Re: Making 2 separate scans to preserve details in shadow and highlight

Discussion in 'Digital Photography' started by Alan F Cross, Jul 25, 2003.

  1. Alan F Cross

    Alan F Cross Guest

    In message <>, Adrian
    <> writes
    >Recently, I decided to attempt a scan of negative taken inside the
    >visitor's center of Teotihuacan (outside Mexico City) with its view of
    >the "Pyramid of the Sun." Unfortunately, the brightness to darkness
    >ratio would either allow detail of the pyramid, but the model of the
    >city in the foreground would be lost to darkness. And the inverse was
    >true, if I opened up for detail in the shadows, the pyramid through
    >the windows would be totally blown out.
    >
    >What I decided to do was to make 2 separate scans, one for the detail
    >in the pyramid and a separate one for the detail in the city model. I
    >then opened both in Photoshop, with the background detail as the
    >bottom layer, and copy/pasted the shadow detail scanned image over the
    >bottom layer and just erased blown-out parts of image to reveal the
    >detail of the pyramid. Finished example at this link:
    >
    >http://www.amenfoto.com/gallery/mexico/teotihuacan_view.html
    >
    >Adrian
    >
    >"A Picture's Worth a Thousand Nerds"
    >
    >http://www.amenfoto.com/


    I have done this on more than one occasion, and it may work, depending
    on what is held in the negative. What is even neater is to set your
    camera on a tripod, take some bracketing shots, and then combine these
    in Photoshop. Of course, this takes the foresight to anticipate the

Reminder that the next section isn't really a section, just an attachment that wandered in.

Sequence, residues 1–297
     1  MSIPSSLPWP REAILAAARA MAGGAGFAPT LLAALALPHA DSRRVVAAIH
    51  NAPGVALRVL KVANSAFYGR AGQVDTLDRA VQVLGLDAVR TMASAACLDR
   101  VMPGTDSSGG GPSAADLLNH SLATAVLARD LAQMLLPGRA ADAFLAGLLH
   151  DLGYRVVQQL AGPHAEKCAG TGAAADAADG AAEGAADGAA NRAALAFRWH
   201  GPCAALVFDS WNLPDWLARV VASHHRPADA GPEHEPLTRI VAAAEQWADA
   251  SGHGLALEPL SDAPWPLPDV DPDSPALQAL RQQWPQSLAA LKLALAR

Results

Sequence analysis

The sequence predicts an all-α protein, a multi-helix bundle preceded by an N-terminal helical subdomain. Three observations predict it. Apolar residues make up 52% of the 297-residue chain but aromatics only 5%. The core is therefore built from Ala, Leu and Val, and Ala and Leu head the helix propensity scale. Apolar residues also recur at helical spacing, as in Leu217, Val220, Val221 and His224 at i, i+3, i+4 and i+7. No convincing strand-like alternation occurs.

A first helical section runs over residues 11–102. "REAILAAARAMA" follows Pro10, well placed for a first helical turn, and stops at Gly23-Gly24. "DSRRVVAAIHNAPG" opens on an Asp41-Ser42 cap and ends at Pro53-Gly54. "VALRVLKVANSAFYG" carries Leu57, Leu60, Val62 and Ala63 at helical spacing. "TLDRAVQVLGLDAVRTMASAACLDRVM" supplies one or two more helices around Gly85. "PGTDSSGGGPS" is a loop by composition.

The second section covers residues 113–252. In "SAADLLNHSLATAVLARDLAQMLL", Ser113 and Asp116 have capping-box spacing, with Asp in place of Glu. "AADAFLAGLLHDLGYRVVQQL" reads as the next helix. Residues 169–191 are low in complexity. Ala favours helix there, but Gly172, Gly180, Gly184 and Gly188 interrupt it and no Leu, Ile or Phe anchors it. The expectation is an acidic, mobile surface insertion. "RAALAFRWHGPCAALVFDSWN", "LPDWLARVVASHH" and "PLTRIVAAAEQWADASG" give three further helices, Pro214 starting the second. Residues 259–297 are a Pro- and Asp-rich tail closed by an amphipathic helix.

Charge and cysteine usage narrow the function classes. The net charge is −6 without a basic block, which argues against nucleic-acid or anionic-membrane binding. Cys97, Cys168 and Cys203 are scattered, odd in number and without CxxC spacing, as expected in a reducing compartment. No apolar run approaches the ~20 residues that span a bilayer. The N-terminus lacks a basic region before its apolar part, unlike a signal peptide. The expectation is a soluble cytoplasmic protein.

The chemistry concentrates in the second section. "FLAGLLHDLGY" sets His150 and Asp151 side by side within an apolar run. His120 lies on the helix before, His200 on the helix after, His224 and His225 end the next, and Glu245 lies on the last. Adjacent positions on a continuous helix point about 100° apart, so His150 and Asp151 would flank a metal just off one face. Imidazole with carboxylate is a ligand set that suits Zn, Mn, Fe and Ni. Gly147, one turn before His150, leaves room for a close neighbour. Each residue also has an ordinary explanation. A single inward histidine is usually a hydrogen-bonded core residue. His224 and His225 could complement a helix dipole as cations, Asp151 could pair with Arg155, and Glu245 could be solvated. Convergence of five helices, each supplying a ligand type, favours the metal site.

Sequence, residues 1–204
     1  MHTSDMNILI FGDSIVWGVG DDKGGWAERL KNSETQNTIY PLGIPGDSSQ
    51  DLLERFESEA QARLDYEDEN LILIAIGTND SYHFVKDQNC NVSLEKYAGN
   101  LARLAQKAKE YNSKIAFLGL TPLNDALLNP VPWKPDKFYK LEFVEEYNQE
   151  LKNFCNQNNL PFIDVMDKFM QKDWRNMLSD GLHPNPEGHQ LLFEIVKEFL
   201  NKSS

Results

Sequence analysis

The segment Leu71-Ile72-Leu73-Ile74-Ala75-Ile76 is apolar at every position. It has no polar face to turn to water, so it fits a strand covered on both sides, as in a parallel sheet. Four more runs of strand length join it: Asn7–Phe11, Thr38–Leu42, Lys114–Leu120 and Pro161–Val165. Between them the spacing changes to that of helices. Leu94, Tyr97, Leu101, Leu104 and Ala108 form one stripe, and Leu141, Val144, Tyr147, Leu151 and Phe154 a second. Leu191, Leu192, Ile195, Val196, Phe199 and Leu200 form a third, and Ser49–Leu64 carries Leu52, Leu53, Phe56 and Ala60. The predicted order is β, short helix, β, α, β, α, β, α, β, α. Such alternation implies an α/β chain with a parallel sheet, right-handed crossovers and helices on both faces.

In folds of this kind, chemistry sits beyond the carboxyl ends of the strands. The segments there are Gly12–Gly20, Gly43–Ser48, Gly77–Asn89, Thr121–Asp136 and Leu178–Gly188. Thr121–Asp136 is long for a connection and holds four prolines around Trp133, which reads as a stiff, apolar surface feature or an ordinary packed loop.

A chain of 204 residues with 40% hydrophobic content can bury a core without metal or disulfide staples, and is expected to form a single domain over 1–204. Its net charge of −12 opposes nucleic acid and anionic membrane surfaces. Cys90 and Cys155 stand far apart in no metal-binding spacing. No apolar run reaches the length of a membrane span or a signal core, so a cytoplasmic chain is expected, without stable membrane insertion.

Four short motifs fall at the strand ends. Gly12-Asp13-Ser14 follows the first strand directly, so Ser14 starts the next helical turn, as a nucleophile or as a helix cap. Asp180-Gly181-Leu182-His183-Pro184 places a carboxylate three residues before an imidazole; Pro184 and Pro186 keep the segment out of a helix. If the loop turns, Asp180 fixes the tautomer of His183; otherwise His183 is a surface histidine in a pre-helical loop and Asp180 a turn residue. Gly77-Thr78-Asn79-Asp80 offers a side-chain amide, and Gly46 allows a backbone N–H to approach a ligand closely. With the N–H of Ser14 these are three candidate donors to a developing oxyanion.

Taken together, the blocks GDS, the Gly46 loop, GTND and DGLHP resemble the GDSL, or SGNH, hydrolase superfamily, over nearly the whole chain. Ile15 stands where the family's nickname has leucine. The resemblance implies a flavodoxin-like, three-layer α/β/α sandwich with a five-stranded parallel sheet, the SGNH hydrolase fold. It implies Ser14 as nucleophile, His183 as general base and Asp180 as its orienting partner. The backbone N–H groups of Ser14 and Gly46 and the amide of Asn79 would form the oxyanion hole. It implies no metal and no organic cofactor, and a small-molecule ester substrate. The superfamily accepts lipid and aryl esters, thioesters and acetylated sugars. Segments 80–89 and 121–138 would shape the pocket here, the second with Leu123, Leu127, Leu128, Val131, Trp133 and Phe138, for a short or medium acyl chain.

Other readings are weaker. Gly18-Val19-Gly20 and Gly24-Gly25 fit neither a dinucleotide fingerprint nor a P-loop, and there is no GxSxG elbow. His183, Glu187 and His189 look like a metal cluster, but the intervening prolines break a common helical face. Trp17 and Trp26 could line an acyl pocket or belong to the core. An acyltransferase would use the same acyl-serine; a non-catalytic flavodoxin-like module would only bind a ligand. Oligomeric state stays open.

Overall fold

problem (another advantage of shooting digital!). One area where
    bracketed shots work well (and are pretty well indispensable) is
    shooting church interiors with stained glass windows. It's the only way
    to capture the interior detail *and* the artwork of the windows. One
    thing to watch - if you have a filter on, remove it, and ensure that
    your lens is scrupulously clean. Otherwise highlights halo-ing into the
    shadows may make the final result look like a fudge.

    Your shadow foreground area has drifted to magenta (at least on my
    screen), so you may want to apply a bit of colour balance to this layer.
    --
    Alan F Cross
    Alan F Cross, Jul 25, 2003
    #1
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  2. Alan F Cross

    Alan F Cross Guest

    In message <>, Annika1980
    <> writes
    >>From: Alan F Cross

    >
    >>What is even neater is to set your
    >>camera on a tripod, take some bracketing shots, and then combine these
    >>in Photoshop.

    >
    >An easier approach (for me) is to shoot in RAW mode and expose for the
    >highlights as you might when shooting slide film. Then, the image can be
    >converted two ways ... As Shot, and with more exposure added. This brings out
    >detail in the shadow areas which would otherwise be black.
    >
    >
    >
    >


    The original post was shooting negative - so RAW does not apply.

    A well bracket set of exposures will achieve more than the +/- 1.5 stops
    that RAW will give you - as you can spot both shadows and highlights and
    choose the latitude for the brackets to be as wide as you like. How
    realistic it will look in practice is another matter!
    --
    Alan F Cross
    Alan F Cross, Jul 25, 2003
    #2
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  3. Alan F Cross

    John Eyles Guest

    >What I decided to do was to make 2 separate scans, one for the detail
    >in the pyramid and a separate one for the detail in the city model ...


    The 3rd-party scanner software Vuescan (www.hamrick.com) does this for
    you automatically if you select the option "Long Exposure Pass".

    John
    John Eyles, Jul 25, 2003
    #3
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